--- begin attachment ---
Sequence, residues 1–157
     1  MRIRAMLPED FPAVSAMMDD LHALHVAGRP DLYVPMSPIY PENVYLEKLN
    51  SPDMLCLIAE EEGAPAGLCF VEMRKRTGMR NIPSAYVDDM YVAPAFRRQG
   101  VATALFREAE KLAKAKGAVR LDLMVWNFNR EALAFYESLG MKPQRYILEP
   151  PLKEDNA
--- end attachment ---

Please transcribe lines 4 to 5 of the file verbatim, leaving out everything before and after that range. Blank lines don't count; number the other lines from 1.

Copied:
   101  VATALFREAE KLAKAKGAVR LDLMVWNFNR EALAFYESLG MKPQRYILEP
   151  PLKEDNA